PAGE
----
Early detection and diagnosis are critical factors to control the COVID-19 spreading. A number of deep learning-based methodologies have been recently proposed for COVID-19 screening in CT scans as a tool to automate and help with the diagnosis. These approaches, however, suffer from at least one of the following problems: (i) they treat each CT scan slice independently and (ii) the methods are trained and tested with sets of images from the same dataset. Treating the slices independently means that the same patient may appear in the training and test sets at the same time which may produce misleading results. It also raises the question of whether the scans from the same patient should be evaluated as a group or not. Moreover, using a single dataset raises concerns about the generalization of the methods. Different datasets tend to present images of varying quality which may come from different types of CT machines reflecting the conditions of the countries and cities from where they come from. In order to address these two problems, in this work, we propose an Efficient Deep Learning Technique for the screening of COVID-19 with a voting-based approach. In this approach, the images from a given patient are classified as group in a voting system. The approach is tested in the two biggest datasets of COVID-19 CT analysis with a patient-based split. A cross dataset study is also presented to assess the robustness of the models in a more realistic scenario in which data comes from different distributions. The cross-dataset analysis has shown that the generalization power of deep learning models is far from acceptable for the task since accuracy drops from 87.68% to 56.16% on the best evaluation scenario. These results highlighted that the methods that aim at COVID-19 detection in CT-images have to improve significantly to be considered as a clinical option and larger and more diverse datasets are needed to evaluate the methods in a realistic scenario.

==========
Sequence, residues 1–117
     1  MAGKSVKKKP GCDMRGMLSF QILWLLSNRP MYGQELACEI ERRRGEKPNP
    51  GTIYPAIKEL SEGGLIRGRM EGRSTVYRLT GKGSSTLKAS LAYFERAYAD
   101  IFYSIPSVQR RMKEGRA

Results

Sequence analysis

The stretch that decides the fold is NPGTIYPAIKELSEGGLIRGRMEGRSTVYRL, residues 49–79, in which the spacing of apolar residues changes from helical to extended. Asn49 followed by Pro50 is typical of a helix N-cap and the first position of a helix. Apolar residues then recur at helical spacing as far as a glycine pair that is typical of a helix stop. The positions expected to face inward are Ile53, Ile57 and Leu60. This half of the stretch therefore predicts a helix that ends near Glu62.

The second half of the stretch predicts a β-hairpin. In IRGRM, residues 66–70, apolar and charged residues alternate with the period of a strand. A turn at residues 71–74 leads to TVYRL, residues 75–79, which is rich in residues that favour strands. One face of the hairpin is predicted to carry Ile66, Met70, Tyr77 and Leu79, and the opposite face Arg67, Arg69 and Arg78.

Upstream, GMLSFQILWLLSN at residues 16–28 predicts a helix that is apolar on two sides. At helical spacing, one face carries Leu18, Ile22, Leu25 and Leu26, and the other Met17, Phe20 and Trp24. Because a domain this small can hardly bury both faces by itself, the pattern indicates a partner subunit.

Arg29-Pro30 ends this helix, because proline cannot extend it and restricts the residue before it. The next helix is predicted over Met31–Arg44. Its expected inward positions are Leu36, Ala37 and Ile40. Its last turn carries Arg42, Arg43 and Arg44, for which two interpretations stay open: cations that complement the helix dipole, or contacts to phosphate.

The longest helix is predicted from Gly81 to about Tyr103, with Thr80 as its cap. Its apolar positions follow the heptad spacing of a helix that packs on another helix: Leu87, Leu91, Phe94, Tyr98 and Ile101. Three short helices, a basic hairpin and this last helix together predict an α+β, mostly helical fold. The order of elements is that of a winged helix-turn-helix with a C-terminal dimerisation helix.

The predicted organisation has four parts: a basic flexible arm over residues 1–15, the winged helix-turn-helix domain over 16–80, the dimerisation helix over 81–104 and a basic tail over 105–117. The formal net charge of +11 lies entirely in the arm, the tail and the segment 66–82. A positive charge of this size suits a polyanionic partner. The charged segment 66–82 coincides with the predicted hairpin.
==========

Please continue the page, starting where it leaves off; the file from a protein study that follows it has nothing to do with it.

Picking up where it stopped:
Published: 13 September 2020